Stage 1 of this project involved a systematic review that generated the items for the Gaming Motivation Inventory (GMI). Stages 2–4 involved an evaluation of the psychometric properties of the GMI. A sample of 14,740 video gamers (89.3% male; mean age 24.1 years) were recruited via an online survey promoted by a popular gaming magazine.
In Stage 2, twenty-six gaming motives were identified, which clustered into six higher-order dimensions (Mastery, Immersion/Escapism, Competition, Stimulation, Social, Habit/Boredom). In Stage 3, construct validity of the six higher-order motives was assessed by associations with gaming-related, personality, and psychological variables. In Stage 4, the relationships between motives and depression symptoms and gaming disorder symptoms were explored. Although gaming motives had weak associations with gaming genres, they were moderately related to variables such as competitiveness, sociability, and positive and negative affect. Gaming disorder symptoms were directly predicted by depression symptoms and indirectly via Immersion/Escapism, Habit/Boredom, and Competition motives.
Discussion and conclusions
These findings support the notion that motives are one of the primary causes of gaming behavior and play an important role in predicting its problematic nature. The GMI is a psychometrically valid tool that will be useful for gaining insights into factors underlying gaming behaviors.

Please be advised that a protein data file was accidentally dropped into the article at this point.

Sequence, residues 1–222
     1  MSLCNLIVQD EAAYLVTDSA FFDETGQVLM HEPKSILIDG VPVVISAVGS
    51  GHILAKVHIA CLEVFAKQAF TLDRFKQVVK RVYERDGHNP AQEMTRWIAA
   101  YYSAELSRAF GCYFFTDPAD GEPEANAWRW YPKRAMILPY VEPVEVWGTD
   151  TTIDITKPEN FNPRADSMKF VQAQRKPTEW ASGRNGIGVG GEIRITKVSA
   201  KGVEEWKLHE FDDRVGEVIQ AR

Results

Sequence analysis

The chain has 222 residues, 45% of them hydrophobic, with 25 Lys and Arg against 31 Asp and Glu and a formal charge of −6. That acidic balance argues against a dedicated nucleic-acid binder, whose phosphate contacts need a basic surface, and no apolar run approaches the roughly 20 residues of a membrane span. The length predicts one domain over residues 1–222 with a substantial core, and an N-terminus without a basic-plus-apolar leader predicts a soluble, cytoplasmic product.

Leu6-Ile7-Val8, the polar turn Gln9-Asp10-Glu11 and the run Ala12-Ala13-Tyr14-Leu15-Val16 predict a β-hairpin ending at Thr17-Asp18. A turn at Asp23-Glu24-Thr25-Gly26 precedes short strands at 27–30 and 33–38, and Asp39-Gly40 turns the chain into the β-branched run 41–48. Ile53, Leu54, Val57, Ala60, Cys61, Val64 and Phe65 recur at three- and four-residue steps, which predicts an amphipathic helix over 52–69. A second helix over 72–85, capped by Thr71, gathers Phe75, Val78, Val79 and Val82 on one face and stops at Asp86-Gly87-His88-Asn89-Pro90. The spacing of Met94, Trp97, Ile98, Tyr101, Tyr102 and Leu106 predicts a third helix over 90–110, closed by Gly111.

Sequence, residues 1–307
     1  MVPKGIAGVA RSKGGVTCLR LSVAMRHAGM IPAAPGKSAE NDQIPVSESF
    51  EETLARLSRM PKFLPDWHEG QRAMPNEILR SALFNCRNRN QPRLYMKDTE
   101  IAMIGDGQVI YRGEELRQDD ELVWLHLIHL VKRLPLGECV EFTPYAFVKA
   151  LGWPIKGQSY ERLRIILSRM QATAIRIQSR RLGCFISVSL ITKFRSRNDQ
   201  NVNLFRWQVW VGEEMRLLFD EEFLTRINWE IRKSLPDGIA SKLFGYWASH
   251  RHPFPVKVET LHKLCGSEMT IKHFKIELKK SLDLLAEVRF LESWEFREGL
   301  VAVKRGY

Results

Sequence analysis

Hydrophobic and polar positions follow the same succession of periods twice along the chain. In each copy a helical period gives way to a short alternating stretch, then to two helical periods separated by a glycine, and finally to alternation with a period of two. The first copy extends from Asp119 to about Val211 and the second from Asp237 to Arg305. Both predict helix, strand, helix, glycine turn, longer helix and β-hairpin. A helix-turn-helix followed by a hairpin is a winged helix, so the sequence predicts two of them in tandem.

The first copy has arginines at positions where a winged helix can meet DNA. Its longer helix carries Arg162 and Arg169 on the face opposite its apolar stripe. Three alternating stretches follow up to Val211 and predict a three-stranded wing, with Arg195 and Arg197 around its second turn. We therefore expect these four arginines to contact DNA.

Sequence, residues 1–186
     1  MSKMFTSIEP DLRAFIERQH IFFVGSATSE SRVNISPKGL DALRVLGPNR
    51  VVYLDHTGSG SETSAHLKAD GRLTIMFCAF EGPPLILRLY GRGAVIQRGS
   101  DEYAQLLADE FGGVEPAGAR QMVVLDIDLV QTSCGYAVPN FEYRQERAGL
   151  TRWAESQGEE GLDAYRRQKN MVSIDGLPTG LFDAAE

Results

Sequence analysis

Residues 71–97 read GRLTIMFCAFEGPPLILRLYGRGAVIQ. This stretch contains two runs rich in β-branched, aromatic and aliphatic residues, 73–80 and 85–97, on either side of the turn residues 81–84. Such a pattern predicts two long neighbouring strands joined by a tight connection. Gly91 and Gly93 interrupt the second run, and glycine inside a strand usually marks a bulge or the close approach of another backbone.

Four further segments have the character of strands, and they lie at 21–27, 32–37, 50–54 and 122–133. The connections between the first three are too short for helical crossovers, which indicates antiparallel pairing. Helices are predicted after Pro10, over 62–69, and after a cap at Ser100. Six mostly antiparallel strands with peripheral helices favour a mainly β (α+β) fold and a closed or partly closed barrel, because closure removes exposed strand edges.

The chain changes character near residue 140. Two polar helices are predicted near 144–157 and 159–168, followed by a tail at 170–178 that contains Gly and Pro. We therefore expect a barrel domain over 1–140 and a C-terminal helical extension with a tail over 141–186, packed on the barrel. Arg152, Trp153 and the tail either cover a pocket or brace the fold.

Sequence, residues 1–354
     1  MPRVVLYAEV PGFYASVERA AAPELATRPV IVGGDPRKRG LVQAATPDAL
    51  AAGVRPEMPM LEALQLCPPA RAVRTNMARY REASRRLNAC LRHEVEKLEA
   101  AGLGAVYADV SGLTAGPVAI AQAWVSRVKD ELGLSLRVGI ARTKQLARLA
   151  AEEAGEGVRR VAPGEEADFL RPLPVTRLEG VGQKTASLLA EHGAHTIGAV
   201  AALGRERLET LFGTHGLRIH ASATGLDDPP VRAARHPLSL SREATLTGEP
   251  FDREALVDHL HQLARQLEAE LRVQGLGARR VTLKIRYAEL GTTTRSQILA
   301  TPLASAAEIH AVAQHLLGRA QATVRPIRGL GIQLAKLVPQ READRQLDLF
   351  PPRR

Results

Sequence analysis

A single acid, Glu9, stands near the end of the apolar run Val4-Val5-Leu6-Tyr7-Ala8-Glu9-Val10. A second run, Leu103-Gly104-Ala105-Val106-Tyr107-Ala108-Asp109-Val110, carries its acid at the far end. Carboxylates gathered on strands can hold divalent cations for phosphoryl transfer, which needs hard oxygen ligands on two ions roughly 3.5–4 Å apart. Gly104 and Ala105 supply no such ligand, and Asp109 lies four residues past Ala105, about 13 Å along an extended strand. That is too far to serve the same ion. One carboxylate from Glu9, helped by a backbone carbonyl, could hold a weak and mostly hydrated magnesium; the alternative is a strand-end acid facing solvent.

Asian countries are deemed to be high prevalence areas for gaming disorder (GD). This meta-analysis is the first to synthesize the overall prevalence of GD in East Asia and investigate characteristics that influence prevalence estimates.
Systematic and independent searches were conducted across PubMed, Web of Science, Embase, PsycINFO, and the Cochrane Library since their inception to January 27, 2021. The Agency for Healthcare Research and Quality scale was used for quality assessment. A random effect model was used to calculate the overall GD prevalence and 95% confidence intervals (CIs).
In total, 22 articles (26 studies) comprising 51,525 participants were included in this meta-analysis. The overall pooled prevalence of GD in East Asia was 12%, 95% CI (10%–15%); this figure was adjusted to 6%, 95% CI (3%–9%) for a representative sample. Higher prevalence was observed in males than in females (16% vs. 8%, respectively, P < 0.05). Subgroup and meta-regression analyses revealed that studies among gamers or those without random sampling reported significantly higher prevalence rates. There were no significant differences between countries/regions, sample size, quality score, proportion of males, and scale used.
Discussion and conclusions
The prevalence of GD in East Asia is higher than that in other world regions. Future studies should extend such epidemiological research to other regions to calculate the accurate prevalence of GD to benefit the local identification, prevention, policy formulation, and treatment efforts. Considering its negative effects, effective preventive and treatment measures for GD in East Asia need greater attention.
There is growing evidence that psilocybin, a serotonergic psychedelic substance, may be useful in the treatment of substance use disorders. However, there is a lack of data on the beliefs and attitudes towards psilocybin amongst Black individuals diagnosed with Opioid Use Disorder (OUD). This study characterized psilocybin use patterns and perception of risk amongst a cohort of Black individuals diagnosed with OUD.